1. FFI Australia
  2. FFI US
  3. Conservation Circle

Displacement behaviour not in evidence in Aceh

Posted on: 30.04.13 In: Asia-Pacific & Australasia, General

Tony Whitten, Asia-Pacific Regional Director at Fauna & Flora International, recently attended a meeting in Aceh, Indonesia, that proved both inspirational and insightful. The resulting appeal by meeting participants was decidedly not the conservation equivalent of scratching backsides in Aceh.

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Happy returns to Vietnam

Posted on: 23.04.13 In: Asia-Pacific & Australasia, General

Josh Kempinski paints a picture of Kon Tum, Vietnam, following his latest visit, and describes how new thinking about ecosystem valuation may help to save this beautiful forest landscape.

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Biodiversity offsets: playing with matches?

Posted on: 18.04.13 In: Business & Biodiversity, General

A few weeks ago, Fauna & Flora International (FFI) held an internal workshop in Cambridge on the controversial topic of biodiversity offsetting. Joe Bull, a Phd candidate studying offsets in Uzbekistan with part funding from FFI, presented at the workshop and shares about the experience.

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Shackleton’s wildlife – what would he have seen?

Posted on: 11.04.13 In: Climate Change, FFI Australia, General, Marine

Wildlife photographer Jeremy Holden has just returned from an intrepid Antarctic visit. Here he blogs about what he saw and how conservation efforts on South Georgia are returning the island to its former splendour.

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Investing in livelihoods for the benefit of conservation

Fauna & Flora International’s Environmental Markets Community Specialist, Jane Dunlop, explains how a community-owned fund that provides accessible loans to small enterprises is supporting conservation work in Indonesia.

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Is capacity building the key to a brighter future?

Posted on: 04.04.13 In: Americas, General

In this entertaining and thought-provoking blog, Chloe Hodgkinson (Fauna & Flora International’s Liberia Programme Manager) shares some lessons from a recent conference on ‘capacity building for conservation’ in Colombia.

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The chronicles of Oryx: a history of conservation – part three (1924-1933)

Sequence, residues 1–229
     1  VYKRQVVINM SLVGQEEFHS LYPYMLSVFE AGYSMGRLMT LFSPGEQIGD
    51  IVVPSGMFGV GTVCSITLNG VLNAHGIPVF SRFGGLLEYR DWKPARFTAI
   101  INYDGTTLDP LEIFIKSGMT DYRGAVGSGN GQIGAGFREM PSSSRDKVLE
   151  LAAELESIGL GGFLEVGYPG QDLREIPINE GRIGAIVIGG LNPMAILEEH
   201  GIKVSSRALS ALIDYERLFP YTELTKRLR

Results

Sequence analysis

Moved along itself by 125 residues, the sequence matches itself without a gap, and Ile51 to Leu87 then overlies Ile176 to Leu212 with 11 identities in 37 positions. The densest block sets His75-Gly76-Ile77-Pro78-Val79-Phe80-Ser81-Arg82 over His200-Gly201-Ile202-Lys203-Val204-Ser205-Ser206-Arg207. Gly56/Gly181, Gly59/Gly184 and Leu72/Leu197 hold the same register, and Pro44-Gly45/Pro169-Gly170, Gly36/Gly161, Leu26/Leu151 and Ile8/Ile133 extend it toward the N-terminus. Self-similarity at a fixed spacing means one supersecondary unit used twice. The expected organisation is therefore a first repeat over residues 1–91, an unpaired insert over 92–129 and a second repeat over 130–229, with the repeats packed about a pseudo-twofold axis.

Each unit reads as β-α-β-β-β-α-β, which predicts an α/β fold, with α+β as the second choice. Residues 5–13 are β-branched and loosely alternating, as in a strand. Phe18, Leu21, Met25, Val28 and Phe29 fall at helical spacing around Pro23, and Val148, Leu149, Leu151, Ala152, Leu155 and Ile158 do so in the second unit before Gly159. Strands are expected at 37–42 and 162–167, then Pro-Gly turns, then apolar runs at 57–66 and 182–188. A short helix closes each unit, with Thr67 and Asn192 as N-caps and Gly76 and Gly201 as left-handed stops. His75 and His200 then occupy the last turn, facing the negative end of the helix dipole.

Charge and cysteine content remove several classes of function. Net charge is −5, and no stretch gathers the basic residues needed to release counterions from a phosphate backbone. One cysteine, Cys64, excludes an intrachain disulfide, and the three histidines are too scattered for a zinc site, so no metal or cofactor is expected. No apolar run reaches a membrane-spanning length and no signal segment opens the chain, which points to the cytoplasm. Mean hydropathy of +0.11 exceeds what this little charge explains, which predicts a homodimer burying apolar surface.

This year, Fauna & Flora International (FFI) marks its 110th Anniversary. To celebrate, Elizabeth Allen has been searching through the archives, looking at how conservation has changed over the decades. Here, she discusses how the focus of the organisation began to shift during FFI’s third decade.

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Putting gender on the conservation agenda

Posted on: 08.03.13 In: General

To celebrate International Women’s Day today, Helen Schneider, Director of Livelihoods & Governance at Fauna & Flora International (FFI), reflects on the importance of gender as an issue with which conservationists need to engage.

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An appetite for the truth: why do people eat turtle eggs?

Posted on: 04.03.13 In: 10 Years of Turtle Conservation, Americas, Marine

Gena Abarca, Environmental Education Coordinator for Fauna & Flora International’s sea turtle programme in Nicaragua, shares some key findings from a recent study that looked to uncover the truth behind turtle egg consumption.

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The chronicles of Oryx: a history of conservation – part two (1914-1923)

This year, Fauna & Flora International (FFI) marks its 110th Anniversary. Over the next 12 months, FFI’s Elizabeth Allen will be searching through the archives, looking at how conservation has changed over the decades. In part two, she discusses how attitudes began to change during FFI’s second decade.

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Fauna & Flora International (FFI) is a company limited by guarantee, incorporated in England and Wales, Registered Company Number 2677068. Registered Charity Number 101110
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